You might decide to go to the cinema of an evening and pick a film to see when you get there, or even switch on your TV or Netflix and have a search through, but film and its audience used to have a very different feel. The period of Early Cinema is truly fascinating and the culture quite bizarre when you look back now.
When Early Cinema began, film simply referred to a ‘moving picture’ with the earliest films lasting a few minutes if that. With pop-up cinemas appearing in storefront spaces or the like, in various towns and villages, it very much became a social event. The whole village would go together to see the latest ‘film’. At the start, film was a novelty but cinema goers soon demanding more, putting pressure on film makers to achieve and deliver things that would constantly impress and challenge their audiences.
(via Black Hole Reviews)
It is a well known fact that Early Cinema did not use diegetic sound (sound relating to the action in the film); there was no speech or background noise that went alongside film. Instead films were accompanied with a musical composition which fit the subject matter of the film. Speech itself was hard to co-ordinate alongside film and film makers were yet to find a way of doing this. Certain films introduced written speech cards which would appear in between the live-action film itself.
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The very earliest films used little or no cinematic techniques and showed a completely stationary shot. As film developed and film makers experimented, camera movement and angles were introduced. Many of the first films were authentic or staged scenes from everyday life. Scenes such as sporting or public events were particularly popular, which gave audiences the chance to experience a day at the races for example. Cinema introduced the concept of travel to many; something that was previously impossible.
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A lot of Early Films used slapstick comedy to keep their audiences entertained. The music became a vital part of this too, showing that speech was not needed to make an audience laugh. Early films shocked viewers because the principle was unlike anything they had seen before. Particular films where the train would approach the camera shocked audiences and had many screaming for fear that the train would leap off the screen and run over them. Another well known film in which a man is run over by a horse cart caused a similar effect with audiences believing that the man had died in reality not just on film. The boundaries between reality and film were yet to be established.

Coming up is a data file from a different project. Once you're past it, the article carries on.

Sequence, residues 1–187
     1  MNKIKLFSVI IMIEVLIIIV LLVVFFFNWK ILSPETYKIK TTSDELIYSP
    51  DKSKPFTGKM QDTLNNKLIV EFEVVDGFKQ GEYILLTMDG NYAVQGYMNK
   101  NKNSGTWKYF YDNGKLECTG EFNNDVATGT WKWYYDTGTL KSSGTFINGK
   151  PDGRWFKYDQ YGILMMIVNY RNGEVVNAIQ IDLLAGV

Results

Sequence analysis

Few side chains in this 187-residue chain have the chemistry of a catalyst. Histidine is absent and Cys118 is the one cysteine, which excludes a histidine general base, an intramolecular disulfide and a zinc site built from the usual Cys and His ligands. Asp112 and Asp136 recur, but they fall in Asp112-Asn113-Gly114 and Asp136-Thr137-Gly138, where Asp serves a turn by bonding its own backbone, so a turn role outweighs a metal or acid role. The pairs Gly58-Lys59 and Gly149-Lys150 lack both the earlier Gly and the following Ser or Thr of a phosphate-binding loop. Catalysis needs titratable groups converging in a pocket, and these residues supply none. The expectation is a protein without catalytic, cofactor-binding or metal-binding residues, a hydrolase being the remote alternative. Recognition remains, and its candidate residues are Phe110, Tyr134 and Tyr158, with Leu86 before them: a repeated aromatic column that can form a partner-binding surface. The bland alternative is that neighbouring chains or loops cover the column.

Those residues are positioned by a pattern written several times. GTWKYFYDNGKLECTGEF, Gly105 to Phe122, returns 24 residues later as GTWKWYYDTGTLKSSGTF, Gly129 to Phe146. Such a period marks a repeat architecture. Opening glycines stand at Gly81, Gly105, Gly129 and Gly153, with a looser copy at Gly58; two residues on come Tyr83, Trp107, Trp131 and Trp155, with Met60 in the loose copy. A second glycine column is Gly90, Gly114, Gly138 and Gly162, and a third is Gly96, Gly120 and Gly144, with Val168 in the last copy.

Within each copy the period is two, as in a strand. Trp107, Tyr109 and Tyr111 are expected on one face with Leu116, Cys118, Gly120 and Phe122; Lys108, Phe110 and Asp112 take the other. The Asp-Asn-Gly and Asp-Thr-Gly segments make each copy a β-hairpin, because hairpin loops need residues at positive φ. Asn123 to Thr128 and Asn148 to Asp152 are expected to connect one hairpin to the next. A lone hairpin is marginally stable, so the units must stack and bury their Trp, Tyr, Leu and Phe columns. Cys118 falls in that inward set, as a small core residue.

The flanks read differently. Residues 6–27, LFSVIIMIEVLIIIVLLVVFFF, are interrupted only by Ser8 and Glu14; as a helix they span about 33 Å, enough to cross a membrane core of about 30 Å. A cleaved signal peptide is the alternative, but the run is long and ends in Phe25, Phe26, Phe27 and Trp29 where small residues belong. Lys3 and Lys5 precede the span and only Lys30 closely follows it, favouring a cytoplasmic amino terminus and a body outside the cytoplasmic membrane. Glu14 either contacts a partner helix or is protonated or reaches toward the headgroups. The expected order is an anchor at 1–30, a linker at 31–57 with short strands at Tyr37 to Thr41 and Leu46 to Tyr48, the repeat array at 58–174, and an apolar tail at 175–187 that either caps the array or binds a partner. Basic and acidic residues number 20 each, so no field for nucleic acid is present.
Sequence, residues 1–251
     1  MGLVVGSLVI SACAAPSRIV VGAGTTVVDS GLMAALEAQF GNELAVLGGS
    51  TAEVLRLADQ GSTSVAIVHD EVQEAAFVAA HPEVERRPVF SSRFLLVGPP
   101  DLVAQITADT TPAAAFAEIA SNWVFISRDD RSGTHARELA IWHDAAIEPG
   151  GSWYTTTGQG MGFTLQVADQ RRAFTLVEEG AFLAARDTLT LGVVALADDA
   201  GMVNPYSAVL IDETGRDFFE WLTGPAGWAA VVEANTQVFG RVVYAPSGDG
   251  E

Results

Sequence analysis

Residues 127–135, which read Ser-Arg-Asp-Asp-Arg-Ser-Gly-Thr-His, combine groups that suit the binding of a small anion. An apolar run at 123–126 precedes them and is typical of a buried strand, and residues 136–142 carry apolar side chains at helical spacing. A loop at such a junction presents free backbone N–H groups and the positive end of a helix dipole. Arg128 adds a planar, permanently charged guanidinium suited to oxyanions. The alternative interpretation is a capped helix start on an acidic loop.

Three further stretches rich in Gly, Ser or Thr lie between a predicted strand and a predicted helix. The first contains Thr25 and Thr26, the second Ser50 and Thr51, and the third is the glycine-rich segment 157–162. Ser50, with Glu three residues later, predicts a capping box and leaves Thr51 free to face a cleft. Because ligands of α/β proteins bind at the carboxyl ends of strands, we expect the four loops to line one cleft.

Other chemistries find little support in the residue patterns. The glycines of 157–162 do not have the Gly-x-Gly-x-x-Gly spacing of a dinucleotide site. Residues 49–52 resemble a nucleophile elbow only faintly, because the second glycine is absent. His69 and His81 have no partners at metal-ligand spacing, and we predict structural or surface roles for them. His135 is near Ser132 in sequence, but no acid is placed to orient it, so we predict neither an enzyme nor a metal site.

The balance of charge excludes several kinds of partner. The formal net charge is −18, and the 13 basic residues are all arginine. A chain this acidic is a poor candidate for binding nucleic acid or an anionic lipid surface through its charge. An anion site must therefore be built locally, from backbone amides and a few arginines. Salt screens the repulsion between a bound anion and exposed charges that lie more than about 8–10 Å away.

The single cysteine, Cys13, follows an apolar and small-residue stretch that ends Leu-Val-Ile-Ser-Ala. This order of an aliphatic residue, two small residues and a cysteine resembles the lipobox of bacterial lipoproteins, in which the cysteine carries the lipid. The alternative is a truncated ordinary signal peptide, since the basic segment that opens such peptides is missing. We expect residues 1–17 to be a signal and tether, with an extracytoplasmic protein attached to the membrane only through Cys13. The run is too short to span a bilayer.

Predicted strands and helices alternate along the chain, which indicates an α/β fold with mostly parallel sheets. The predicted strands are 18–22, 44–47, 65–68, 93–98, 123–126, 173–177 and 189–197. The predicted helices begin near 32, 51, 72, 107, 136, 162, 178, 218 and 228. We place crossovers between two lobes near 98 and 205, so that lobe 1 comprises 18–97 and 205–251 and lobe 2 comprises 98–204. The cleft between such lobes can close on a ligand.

(via Dr North)
As film makers began to experiment more and more they found a way of ‘colouring in’ films, just like with photographs. Certain pastel tones started to seep into films and add another dimension. Film makers began to get clever and cinematography techniques were created; colours were used for a specific purpose, as well as camera angles or movements.
A lot has moved on since the birth of cinema but cinematography is still an essential consideration to any film maker, with whole teams dedicated to develop the varying aspects of this. If you’re interested in learning more or want to find out how to make your own film, get in touch!